Thursday, August 31

sins of the fathers

When the recent Isreal-Lebanon conflict (12 July - 14 August 2006) was going on, there was an article in BBC about debates in Germany over involvement of Germans in a Lebanon peace force, before steps were taken to create one. The article is about the debates in German Media on the ethical questions faced by a German soldier, if he is needed to fight an Israeli soldier.

"History is the past, but the history of the Holocaust belongs to the German present," said the Frankfurter Rundschau. No German soldier should, even theoretically, "be brought into a situation where he has to aim his weapon at an Israeli", it added. [...]

[...] Austria's Der Standard said it was "unthinkable" that the grandchildren of Holocaust perpetrators might find themselves shooting at the grandchildren of victims.

Germany is a country with a dark period of history during the reign of Hitler, leading to the second world war. When it all ended, there were trials, especially the famous Nuremberg Trials, incriminating the war criminals of Second World War. But the punishment for the sins of Third Reich didn't end there. The most unfortunate were not those who were tried (deservedly so), but the sons and grandsons of the Nazi generation. That regime has left such a deep stain in the German history, that its descendants carry that even today.

In contrast, the way the Japanese handle their history is... well, not quite the same. There have always been questions about the accuracy of Japanese history textbooks, and the accusations that they "justify and glorify the wrongs committed in the past" (especially the Nanjing massacre. Wikipedia entry is here). Even after protests, those textbooks were never changed. Recently, there have been protests over the Japanese prime minister visiting the Yasukuni shrine, where war criminals are venerated. By such attempts, Japanese try to paint a different picture of history to their younger generation. Though their objectives on re-writing Japanese history are political, it probably would make the future Japanese generations carry less burden of the past. Unlike the Germans.

The question is how nations (and its people) choose to handle the sins of their history - either let it burden them for generations OR glorify the sins to make them proud. I couldn't do an ethical analysis of the Japanese stand on its history OR the reasons why Germans has to confront their history head on (I don't have access to a good library and, I am no historian. We can't miss the cultural angle(east vs west) too).

Bringing the same line of questioning towards ancestral histories, I think, our parents, grand parents, uncles, and aunts had the same two choices. When they had to tell us the inconvenient truths of the past, they either choose to bury them down or pass those burdens over. Of course, they would rather bury them, than do the dad-son karma-transfer. So... I wonder, Do I really believe in everything of what I am told about my family ? (or my country ?) And, Am I going say everything, most importantly every sin of my life to my next generation ?(if by an accident or some act of God, a next generation happens to me!!!)

Tuesday, August 29


The most important problem of blog writing is the lack of brevity and relevance. As David Beaver of language log points this here, while comparing blog writing with Grice's Conversational Maxims, he says the main reason of blogs being verbose and not to the point, is the uncertainty of the audience makeup.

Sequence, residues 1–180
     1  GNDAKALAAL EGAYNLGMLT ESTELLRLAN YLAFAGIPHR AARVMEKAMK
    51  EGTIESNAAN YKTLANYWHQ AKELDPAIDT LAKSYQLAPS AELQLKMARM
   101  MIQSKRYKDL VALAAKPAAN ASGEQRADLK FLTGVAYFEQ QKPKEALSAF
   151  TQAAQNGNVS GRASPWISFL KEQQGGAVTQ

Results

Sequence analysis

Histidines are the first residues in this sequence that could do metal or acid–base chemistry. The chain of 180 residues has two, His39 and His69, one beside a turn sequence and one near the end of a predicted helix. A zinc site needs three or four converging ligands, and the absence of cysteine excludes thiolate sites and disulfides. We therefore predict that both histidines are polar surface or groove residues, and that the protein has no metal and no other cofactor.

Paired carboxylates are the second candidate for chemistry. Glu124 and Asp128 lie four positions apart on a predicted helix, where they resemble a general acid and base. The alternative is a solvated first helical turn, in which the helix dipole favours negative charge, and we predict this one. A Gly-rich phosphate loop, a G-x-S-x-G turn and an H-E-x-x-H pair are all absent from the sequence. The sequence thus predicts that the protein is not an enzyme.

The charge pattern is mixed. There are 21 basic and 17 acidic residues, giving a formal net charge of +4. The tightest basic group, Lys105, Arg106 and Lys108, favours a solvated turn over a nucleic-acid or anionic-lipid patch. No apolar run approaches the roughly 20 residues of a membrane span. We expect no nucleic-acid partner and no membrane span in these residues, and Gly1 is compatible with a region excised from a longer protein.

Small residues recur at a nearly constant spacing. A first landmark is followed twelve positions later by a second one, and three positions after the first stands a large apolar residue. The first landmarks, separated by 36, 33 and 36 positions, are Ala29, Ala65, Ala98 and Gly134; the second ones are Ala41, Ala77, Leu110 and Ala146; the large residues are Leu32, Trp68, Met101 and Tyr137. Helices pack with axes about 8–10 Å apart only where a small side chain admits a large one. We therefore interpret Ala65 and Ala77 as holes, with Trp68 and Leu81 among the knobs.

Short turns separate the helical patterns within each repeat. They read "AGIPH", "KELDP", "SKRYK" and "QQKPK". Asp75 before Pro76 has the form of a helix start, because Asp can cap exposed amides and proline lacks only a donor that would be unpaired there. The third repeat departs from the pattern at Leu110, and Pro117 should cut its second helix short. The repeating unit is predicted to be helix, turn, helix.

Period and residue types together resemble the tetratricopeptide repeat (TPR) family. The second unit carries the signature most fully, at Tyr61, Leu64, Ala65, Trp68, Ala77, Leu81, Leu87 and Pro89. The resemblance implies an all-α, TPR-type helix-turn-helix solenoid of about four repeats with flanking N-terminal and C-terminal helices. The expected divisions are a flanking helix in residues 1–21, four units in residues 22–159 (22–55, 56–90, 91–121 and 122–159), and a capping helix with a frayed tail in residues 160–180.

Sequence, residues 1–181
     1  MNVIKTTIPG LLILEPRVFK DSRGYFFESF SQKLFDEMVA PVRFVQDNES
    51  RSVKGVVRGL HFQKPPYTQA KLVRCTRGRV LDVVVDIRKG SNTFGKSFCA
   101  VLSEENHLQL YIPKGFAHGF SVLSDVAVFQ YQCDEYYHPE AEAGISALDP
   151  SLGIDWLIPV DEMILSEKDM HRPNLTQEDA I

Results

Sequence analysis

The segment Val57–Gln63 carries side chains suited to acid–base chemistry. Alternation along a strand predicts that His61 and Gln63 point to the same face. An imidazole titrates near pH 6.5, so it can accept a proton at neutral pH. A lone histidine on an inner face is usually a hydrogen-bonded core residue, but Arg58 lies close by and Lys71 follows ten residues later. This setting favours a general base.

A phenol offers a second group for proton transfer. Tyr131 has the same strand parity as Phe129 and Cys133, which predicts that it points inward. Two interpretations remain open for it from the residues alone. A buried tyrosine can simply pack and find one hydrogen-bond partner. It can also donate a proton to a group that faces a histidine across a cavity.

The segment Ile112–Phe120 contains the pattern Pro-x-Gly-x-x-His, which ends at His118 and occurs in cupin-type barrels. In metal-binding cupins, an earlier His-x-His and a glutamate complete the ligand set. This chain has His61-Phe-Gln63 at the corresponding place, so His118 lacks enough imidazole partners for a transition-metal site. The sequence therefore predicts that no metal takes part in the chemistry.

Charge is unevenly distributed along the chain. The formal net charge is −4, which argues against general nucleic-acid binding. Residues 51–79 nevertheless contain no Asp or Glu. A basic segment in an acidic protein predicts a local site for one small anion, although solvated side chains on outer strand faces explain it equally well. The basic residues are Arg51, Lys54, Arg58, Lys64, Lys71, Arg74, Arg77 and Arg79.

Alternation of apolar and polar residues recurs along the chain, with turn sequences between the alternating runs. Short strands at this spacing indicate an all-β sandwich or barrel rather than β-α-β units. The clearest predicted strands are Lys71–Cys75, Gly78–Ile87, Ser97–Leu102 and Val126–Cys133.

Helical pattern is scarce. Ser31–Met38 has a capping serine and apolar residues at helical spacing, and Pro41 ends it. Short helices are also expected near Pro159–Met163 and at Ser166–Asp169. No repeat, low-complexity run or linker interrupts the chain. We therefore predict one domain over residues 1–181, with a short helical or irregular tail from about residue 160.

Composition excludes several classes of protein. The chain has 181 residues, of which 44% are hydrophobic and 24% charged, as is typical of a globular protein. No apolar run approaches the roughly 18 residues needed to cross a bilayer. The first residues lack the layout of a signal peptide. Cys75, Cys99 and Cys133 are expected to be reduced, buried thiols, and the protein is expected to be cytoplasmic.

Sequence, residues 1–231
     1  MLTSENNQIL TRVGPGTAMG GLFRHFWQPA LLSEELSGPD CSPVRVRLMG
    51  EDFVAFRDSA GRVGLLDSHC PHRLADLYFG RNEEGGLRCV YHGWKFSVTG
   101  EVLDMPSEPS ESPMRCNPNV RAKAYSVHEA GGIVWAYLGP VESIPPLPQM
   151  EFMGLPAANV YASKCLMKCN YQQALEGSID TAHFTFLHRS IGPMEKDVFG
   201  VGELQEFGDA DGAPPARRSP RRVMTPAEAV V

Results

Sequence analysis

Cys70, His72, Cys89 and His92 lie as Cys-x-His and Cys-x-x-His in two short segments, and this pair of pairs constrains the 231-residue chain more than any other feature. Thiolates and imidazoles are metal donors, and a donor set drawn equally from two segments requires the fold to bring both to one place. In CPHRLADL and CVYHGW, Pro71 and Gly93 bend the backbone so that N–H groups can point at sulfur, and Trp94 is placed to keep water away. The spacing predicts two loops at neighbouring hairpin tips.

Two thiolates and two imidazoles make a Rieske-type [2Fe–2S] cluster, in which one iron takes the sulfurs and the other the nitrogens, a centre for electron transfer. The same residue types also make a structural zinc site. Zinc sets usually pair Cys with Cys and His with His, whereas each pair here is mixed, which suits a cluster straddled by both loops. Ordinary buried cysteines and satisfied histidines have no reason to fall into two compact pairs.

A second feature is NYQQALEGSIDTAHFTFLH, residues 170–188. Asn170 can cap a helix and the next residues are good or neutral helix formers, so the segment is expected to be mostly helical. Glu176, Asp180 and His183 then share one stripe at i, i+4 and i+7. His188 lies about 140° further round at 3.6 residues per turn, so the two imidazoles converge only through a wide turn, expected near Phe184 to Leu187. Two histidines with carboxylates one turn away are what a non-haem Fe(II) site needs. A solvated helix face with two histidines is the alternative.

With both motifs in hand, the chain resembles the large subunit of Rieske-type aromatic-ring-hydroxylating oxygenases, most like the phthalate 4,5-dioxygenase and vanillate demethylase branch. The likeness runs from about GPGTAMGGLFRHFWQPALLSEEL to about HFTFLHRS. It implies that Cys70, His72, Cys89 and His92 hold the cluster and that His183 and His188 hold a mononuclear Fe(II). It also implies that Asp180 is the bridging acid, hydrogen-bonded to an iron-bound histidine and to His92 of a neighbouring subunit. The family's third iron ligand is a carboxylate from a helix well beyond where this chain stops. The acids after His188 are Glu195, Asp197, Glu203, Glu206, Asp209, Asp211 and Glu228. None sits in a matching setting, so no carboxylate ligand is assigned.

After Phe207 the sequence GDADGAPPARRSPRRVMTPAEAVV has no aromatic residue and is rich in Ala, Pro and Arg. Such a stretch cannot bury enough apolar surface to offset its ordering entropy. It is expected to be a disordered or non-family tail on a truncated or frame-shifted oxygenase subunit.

In the case of blogs, uncertainty over audience make-up and mores reaches a new high. You could be anybody. In fact, many of you are not bodies at all, but automated web-crawlers. And there simply is no commonly accepted purpose or direction. Bloggers are free to make up purposes and directions as they go, to inform as much as they like about whatever they like in pretty much any way they like.

So, a blog is more whining and ranting, than something that could add value to the reader. And, there is a commonly known tendency for Indians to get verbose. Putting it all togeather, it makes brevity a difficult thing to do for me. Even though the goal of my blog was to deliver my thoughts as short as it could possibly expressed, I have hardly well done.

There is an old story about a famous Tamil speaker. When this speaker was asked to give a speech for ten minutes, he said he needs two days of preparation. When he was asked to give a lecture for two hours, he said that he can start right away. Silence may be golden or even diamond-ish, but being brief is the arduous task of mining the precious stone.

Thursday, August 24

where is the sport in motorsport ?

I have a problem with the idea that is "motorsport". And, that is - I don't think, it is a sport. I tried, but I couldn't see a sport in "motorsport". I don't discriminate any form of motorsport - F1 or NASCAR or IndyCar. I hate them equally. More importantly, I think "motorsport" a misnomer. Call motorsport, a shameless and profligate expression of penis-envies, exhibited by those whirring, exploding, gas-sucking, and piston-pumping motors as a symbolic extension of the male genitals (except for Danica Patrick, may be). I stand behind you (with a little caution). Call it as motor-circus. I am totally with you. Call it a motor-driver-exhibition. I agree. Call it as a motor-competition. There is a bling of disagreement. Still, I nod. But, Calling it a sport - No, Sir ! Circus is not sport! Yes, it is entertainment. But not a sport.

I know what is coming next. You are, probably, going to throw me the definition of sport. OK. Lets get this over with. According to the American Heritage Dictionary, Sport (in the sense of, ah, well, sports) is defined as

An activity involving physical exertion and skill that is governed by a set of rules or customs and often undertaken competitively.